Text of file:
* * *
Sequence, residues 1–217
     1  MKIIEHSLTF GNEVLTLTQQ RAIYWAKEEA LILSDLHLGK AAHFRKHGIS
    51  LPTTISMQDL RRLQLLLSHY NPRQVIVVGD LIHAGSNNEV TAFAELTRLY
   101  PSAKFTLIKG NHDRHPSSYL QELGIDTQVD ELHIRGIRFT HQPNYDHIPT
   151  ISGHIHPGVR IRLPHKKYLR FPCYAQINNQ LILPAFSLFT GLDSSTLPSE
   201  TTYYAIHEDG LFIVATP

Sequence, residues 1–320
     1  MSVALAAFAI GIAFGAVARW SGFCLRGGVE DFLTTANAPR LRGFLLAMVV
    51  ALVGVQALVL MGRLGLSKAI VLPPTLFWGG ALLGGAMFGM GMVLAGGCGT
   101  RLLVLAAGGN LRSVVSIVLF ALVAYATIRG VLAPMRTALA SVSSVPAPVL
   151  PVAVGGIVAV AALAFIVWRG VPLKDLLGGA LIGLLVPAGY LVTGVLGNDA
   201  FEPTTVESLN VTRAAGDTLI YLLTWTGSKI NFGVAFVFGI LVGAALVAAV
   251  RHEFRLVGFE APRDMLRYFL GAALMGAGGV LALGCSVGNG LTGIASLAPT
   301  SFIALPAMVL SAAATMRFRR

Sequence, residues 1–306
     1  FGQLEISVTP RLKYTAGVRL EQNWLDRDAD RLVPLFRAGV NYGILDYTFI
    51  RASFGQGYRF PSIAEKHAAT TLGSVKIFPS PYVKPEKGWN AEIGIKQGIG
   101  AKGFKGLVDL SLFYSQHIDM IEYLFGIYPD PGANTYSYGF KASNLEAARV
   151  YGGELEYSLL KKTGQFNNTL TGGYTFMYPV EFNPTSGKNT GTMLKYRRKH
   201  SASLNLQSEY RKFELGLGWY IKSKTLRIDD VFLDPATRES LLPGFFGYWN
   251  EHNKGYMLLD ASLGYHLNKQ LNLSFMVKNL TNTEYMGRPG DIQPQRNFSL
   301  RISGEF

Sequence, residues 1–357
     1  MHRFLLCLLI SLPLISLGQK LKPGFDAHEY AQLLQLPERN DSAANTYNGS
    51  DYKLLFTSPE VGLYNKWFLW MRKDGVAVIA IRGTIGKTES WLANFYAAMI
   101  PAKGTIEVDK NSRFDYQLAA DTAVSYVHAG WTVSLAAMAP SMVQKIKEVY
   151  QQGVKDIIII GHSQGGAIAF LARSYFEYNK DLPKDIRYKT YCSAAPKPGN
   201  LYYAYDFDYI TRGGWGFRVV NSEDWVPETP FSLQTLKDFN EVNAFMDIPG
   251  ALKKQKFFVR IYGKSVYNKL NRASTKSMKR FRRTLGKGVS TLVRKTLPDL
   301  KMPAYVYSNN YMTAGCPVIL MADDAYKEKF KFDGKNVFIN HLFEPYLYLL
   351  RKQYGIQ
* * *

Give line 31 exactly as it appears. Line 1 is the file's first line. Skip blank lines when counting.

   351  RKQYGIQ